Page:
**Sudoku** (/suːˈdoʊkuː, -ˈdɒk-, sə-/; Japanese: 数独, romanized: *sūdoku*, lit. 'digit-single'; originally called **Number Place**)[1] is a logic-based,[2][3] combinatorial[4] number-placement puzzle. In classic Sudoku, the objective is to fill a 9 × 9 grid with digits so that each column, each row, and each of the nine 3 × 3 subgrids that compose the grid (also called "boxes", "blocks", or "regions") contain all of the digits from 1 to 9. The puzzle setter provides a partially completed grid, which for a well-posed puzzle has a single solution.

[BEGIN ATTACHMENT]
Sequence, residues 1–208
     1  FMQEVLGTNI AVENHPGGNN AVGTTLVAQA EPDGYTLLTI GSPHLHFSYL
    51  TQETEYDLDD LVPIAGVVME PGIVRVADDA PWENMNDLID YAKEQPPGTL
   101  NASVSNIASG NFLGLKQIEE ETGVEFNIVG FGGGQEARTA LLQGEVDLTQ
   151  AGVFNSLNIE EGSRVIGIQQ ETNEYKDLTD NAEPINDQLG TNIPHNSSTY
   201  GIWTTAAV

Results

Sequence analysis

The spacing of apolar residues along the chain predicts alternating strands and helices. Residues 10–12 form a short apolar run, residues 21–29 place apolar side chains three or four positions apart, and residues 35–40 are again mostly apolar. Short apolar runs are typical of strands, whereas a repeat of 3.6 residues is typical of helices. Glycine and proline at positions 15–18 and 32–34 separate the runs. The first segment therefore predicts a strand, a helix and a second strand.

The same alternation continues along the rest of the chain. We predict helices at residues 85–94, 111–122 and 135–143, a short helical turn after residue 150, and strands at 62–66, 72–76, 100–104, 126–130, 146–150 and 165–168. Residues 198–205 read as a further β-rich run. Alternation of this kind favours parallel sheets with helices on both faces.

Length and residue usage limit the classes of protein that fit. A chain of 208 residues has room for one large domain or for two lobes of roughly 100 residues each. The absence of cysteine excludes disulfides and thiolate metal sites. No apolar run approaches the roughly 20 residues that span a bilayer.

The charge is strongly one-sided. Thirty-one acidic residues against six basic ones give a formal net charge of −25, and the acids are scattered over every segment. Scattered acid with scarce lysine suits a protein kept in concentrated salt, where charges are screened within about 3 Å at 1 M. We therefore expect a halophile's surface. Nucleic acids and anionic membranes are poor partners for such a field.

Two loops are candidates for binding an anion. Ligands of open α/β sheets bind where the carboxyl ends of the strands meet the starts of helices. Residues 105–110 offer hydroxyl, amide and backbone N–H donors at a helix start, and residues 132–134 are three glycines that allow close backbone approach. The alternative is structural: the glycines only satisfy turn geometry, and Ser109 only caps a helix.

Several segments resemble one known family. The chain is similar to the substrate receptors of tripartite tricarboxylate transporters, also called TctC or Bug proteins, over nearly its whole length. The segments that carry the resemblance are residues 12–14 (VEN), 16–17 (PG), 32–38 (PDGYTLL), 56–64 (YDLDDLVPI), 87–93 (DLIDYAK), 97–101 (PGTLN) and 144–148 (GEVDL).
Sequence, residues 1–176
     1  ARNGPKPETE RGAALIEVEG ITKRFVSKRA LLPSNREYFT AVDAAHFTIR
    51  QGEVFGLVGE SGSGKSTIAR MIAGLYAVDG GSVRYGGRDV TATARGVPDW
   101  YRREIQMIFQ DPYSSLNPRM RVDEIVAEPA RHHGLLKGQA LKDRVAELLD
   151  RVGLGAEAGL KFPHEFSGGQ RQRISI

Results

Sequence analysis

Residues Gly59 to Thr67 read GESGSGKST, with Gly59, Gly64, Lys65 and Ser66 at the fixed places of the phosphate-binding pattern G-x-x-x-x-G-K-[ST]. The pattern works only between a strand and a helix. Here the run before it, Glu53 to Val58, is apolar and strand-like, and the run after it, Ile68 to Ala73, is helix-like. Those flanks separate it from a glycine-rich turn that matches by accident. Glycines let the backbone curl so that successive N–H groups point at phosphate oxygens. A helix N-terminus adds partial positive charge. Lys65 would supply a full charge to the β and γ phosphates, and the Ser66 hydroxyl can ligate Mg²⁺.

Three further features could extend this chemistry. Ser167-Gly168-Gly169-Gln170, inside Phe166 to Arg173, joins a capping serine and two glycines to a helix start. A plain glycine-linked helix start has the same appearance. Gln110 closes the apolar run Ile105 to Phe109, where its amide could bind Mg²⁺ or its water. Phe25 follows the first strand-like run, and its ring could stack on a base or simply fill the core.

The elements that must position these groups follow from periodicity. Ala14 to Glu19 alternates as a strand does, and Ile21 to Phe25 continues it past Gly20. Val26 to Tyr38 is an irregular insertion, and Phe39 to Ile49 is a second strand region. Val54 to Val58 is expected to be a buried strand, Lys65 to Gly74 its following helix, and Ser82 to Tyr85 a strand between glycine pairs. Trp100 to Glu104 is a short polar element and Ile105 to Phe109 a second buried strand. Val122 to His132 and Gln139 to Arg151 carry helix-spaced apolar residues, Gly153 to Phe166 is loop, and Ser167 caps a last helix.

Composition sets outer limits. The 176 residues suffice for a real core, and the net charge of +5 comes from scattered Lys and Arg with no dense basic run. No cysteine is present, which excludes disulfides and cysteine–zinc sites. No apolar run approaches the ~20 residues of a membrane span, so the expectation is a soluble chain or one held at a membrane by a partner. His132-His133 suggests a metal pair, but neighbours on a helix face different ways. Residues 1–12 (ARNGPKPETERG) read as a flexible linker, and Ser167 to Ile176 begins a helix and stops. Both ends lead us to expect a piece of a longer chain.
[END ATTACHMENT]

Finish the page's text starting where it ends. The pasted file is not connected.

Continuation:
French newspapers featured variations of the Sudoku puzzles in the 19th century, and the puzzle has appeared since 1979 in puzzle books under the name Number Place.[5] However, the modern Sudoku only began to gain widespread popularity in 1986 when it was published by the Japanese puzzle company Nikoli under the name Sudoku, meaning "single number".[6] It first appeared in a U.S. newspaper, and then *The Times* (London), in 2004, thanks to the efforts of Wayne Gould, who devised a computer program to rapidly produce unique puzzles.